Still, Goat (2016)
Top image: Still, ‘Goat’ (2016)
Sundance London is back, and features a killer line-up of new titles. Running in June, the festival will continue its trend of underlining some fresher-than-fresh thespians, directors and tales from the independent sphere.
First launched in 2012 by Robert Redford as an offshoot to the Sundance Film Festival: both iterations have become synonymous with notching the best and brightest within the film industry. Boundaries are pushed and audiences are moved. What it primarily does is give independent filmmakers, and budding new artists, a global plinth to showcase their work(s), hopefully gain global distribution, or to just allow audiences to experience new methods of connection through film and its narratives.
It’s a mega list, so we’ve plucked out a few gems from the programme that caught our attention…
Fraternities are the focus — Phi Sigma Mu! –and their violent enrolment practices. Protagonist Brad (Ben Schnetzer) applies to become a member of one after being encouraged by his older brother, Brett Lander (Nick Jonas). Not a good environment to be in considering the former was brutally attacked prior to his application. Physical and psychological attacks are imposed on the newbies, with Brad and his roommate enduring trials of torture to ‘become a man’. Also starring James Franco and Virginia Gardner, Goat is an intensely exhilerating watch.
Logan Lerman goes from strength to strength, knocking out audiences in recent flicks like Perks of Being a Wallflower (19 awards and 46 nominations) and Fury (five award-wins and 17 nominations). Indignation is marked to be as impactful: Lerman plays Marcus Messner, a student attending college in 1951 to avoid being drafted for the then-current Korean War. Messner’s atheism proves problematic among the ardently religious beliefs and programs at his college. An idealistic and indignant Messner tries to oppose the imposed dutifulness and decipher a viable path from an unavoidable cultural crossroad.
Indignant Productions Inc./Courtesy of Sundance Institute
Tallulah is an interesting example: it’s been bought by Netflix to stream to its multi-million user base. For any Sundance film, that’s huge. New audiences will benefit. Ellen Page plays Tallulah, a drifter aimlessly driving around the country with her boyfriend, Nico (Evan Jonigkeit), dumpster diving, stealing from strangers and using the gas-station credit card Nico got from his mother for fuel. Then she meets Carolyn (Tammy Blanchard), and everything changes when Tallulah decides to kidnap Carolyn’s baby girl, neglected by from her wealthy, trainwreck mother.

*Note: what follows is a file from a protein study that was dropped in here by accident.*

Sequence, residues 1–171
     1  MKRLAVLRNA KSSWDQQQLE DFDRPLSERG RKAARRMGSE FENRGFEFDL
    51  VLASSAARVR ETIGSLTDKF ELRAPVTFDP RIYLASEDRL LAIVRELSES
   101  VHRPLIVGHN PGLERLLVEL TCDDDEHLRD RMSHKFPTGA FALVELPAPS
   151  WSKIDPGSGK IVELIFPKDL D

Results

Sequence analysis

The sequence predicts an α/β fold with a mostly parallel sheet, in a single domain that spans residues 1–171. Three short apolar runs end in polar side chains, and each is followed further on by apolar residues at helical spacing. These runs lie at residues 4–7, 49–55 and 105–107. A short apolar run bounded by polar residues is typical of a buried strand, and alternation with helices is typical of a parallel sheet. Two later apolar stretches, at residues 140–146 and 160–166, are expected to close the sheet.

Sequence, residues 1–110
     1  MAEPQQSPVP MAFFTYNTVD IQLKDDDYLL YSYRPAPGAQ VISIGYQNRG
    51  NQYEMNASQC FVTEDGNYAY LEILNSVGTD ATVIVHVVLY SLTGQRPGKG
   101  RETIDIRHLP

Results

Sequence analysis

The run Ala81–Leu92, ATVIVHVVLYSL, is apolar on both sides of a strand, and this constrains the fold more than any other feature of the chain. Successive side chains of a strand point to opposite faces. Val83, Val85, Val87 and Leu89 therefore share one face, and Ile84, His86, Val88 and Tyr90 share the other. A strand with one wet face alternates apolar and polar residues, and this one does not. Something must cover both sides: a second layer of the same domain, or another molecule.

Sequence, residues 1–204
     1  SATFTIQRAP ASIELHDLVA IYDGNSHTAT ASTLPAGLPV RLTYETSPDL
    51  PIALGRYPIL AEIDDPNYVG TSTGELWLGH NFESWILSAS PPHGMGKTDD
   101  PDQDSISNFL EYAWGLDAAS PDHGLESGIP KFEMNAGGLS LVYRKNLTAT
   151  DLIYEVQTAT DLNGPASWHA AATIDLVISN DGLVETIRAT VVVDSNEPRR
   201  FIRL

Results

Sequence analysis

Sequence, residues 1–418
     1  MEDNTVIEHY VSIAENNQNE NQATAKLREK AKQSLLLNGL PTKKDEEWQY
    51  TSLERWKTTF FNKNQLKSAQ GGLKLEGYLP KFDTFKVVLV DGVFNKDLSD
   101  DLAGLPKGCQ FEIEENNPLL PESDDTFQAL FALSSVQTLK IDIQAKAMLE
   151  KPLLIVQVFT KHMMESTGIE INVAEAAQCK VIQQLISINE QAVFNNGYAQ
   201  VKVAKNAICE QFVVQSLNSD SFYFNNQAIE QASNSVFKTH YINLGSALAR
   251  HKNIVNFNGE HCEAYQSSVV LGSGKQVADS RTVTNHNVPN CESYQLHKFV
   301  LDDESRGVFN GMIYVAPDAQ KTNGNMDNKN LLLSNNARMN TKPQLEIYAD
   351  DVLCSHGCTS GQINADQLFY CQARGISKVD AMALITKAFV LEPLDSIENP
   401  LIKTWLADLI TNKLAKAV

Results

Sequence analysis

Challenging social conventions, this emotional roller coaster builds throughout and carries a heavy impact.
David Newsom/Courtesy of Sundance Institute
13-year-old Morris’ life is switched and flipped on its head when he has to move to Germany: new people, new culture — new trials of being a teen. Overt racism and his first love are some of the many tests this hip-hop-loving American will have to face.
Navigate the tricky trials and tribulations of adolescence is no mean feat, and this coming-of-age film takes a wholly unique angle when approaching this life stage we are all very familiar with.
Sean McElwee/Courtesy of Sundance Institute
JT LeRoy was a character devised by a middle-aged phone-sex operator, Laura Albert, and was dubbed as the ‘literary hoax of the century’ after an investigative journalist from the New York Times dug deep enough to find out the truth back in 2006. LeRoy began rubbing shoulders with the likes of Courtney Love and Bono after writing two acclaimed novels. Albert’s androgynous friend, Savannah Knoop, posed as LeRoy at events, all while being directed behind the scenes by Albert.
Award-winning director, Jeff Feuerzeig, managed to get Albert to tell her side of things, tracing the story of the woman who never existed.
Jeff Feuerzeig/Courtesy of Sundance Institute
“I have this virtually unlimited ability to fuck things up,” Anthony Weiner said, during his catastrophic 2014 New York City mayoral campaign.
“Why are you letting us film this?” a filmmaker responded.
With unrestricted access to Anthony Weiner’s New York City mayoral campaign, directors Josh Kreigman and Elyse Steinberg followed the candidate throughout the race; the documentary, however, would be more aptly described as an observation of self-inflicted public and political pain, rather than a behind-the-scenes record of a campaign. Weiner is the winner of the US Grand Jury Prize, which is a pretty decent reason to go watch it.
Brnice Eveno/Courtesy of Sundance Institute
Owen Suskind is autistic: isolation was a normal irregularity for him as he could not speak for years. Roger Ross Williams, who wrote and directed the film, follows Suskind as he reconnects with family and friends by escaping from his uncommunicative state; tethering himself to Disney’s stories and characters enabled such a feat.
Incredibly moving, this insight into the complexities of one boy’s attempts to take control of his autism reveals heartwarming conclusions.
Courtesy of Sundance Institute
Sundance London takes place 2-5 June. Register for Festival and VIP Passes today. Priority booking for Picturehouse Members opens on Friday 6 May and general sales open on Monday 9 May. Visit picturehouses.com/sundance for more information.